Market Power and Inequality: The Antitrust Counterrevolution and its Discontents

60 Pages Posted: 24 Apr 2016 Last revised: 22 Feb 2017

See all articles by Lina Khan

Lina Khan

Columbia University - Law School

Sandeep Vaheesan

Open Markets Institute

Date Written: April 22, 2016


One underexplored theme in the debate around economic inequality is the role of monopoly and oligopoly power. Despite the relative lack of attention to this topic, there is sound reason to believe that pervasive market power in the economy has contributed to the high level of economic inequality in the United States today. Given the general affluence of shareholders and executives relative to consumers — as well as the power dynamics within large companies — we can expect market power to have significant regressive distributional effects. Monopoly and oligopoly pricing, in general, transfers wealth from the ordinary many to the elite few. Case studies of anticompetitive practices and non-competitive market structures in several key industries illustrate how large firms have come to dominate the U.S. economy. Additionally, monopolistic and oligopolistic companies translate their economic power into political influence, often successfully pushing for laws and regulations that further entrench their position and transfer wealth upwards. The prevalence of market power in the economy today was not inevitable. Instead, it is the product of an intellectual and political shift in the 1980s that dramatically reoriented and narrowed the goals of antitrust law. Importantly, this antitrust counterrevolution can be reversed. We present a vision of antitrust that accords with what Congress intended in enacting “this comprehensive charter of economic liberty” and offer specific policy prescriptions.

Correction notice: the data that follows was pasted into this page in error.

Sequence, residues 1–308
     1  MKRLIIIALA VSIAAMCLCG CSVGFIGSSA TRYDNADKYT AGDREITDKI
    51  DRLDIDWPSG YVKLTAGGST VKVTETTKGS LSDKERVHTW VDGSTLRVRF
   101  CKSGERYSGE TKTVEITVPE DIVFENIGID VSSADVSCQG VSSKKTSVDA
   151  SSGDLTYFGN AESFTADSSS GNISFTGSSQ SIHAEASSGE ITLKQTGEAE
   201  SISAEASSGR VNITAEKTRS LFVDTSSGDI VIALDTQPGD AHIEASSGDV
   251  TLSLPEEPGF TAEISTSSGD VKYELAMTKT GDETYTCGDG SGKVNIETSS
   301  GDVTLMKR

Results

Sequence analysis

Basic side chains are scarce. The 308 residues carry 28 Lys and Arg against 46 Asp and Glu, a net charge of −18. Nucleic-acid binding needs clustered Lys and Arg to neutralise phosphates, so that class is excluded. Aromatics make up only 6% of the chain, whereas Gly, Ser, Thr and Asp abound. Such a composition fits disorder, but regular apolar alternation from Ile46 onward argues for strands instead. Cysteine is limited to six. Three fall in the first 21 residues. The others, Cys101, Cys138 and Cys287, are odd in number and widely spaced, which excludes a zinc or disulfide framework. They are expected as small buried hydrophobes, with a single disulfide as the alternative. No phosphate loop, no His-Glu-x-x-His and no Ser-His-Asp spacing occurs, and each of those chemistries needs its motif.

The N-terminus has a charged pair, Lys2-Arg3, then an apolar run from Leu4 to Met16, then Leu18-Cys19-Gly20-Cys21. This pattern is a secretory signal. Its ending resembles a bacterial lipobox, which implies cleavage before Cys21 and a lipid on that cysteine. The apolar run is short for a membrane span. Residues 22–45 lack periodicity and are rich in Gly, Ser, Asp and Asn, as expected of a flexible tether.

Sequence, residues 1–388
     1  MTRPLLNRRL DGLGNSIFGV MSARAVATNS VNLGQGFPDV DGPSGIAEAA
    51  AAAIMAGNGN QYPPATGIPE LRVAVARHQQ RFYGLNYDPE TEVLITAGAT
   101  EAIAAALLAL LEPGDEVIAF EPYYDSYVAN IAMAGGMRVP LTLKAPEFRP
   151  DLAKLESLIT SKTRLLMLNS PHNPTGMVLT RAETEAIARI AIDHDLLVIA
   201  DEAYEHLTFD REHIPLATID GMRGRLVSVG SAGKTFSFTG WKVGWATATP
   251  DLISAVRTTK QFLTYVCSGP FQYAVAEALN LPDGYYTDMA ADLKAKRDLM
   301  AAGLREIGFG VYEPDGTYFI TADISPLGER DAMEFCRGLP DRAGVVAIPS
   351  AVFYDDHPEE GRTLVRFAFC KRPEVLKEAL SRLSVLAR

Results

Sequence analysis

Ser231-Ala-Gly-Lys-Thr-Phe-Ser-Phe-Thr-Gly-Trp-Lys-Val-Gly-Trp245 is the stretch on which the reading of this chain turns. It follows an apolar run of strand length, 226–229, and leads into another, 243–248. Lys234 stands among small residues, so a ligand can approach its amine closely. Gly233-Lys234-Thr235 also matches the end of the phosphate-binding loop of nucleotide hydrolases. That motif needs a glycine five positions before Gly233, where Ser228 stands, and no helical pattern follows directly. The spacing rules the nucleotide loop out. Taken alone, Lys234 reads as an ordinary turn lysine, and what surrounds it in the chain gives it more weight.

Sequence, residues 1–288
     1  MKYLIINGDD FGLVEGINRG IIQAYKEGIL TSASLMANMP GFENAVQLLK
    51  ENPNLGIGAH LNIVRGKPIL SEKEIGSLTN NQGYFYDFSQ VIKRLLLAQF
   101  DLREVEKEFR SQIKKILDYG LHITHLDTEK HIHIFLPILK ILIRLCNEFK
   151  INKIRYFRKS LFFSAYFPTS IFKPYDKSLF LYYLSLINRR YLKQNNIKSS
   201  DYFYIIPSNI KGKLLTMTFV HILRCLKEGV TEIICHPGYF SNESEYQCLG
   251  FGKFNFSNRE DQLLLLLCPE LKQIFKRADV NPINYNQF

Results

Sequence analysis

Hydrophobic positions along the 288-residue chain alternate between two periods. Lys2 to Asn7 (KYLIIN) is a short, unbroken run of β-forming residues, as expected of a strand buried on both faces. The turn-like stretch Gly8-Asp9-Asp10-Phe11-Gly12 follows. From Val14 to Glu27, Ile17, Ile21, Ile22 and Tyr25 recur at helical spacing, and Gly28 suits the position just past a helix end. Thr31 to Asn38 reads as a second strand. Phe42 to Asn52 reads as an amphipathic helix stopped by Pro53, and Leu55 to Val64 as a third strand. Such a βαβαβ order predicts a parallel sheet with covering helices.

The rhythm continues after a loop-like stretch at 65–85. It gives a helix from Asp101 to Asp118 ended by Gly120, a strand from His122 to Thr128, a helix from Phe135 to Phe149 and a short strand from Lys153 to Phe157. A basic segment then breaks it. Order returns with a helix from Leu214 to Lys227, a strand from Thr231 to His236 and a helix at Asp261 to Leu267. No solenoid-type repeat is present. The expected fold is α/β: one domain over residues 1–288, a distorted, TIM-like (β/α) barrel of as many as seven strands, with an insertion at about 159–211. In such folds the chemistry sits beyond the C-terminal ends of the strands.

Keywords: Antitrust, inequality, monopoly, oligopoly, political economy

Suggested Citation

Khan, Lina and Vaheesan, Sandeep, Market Power and Inequality: The Antitrust Counterrevolution and its Discontents (April 22, 2016). 11 Harvard Law & Policy Review 235 (2017), Available at SSRN:

Lina Khan

Columbia University - Law School ( email )

435 West 116th Street
New York, NY 10025
United States

Sandeep Vaheesan (Contact Author)

Open Markets Institute ( email )

1440 G St NW
Washington, DC 20005
United States


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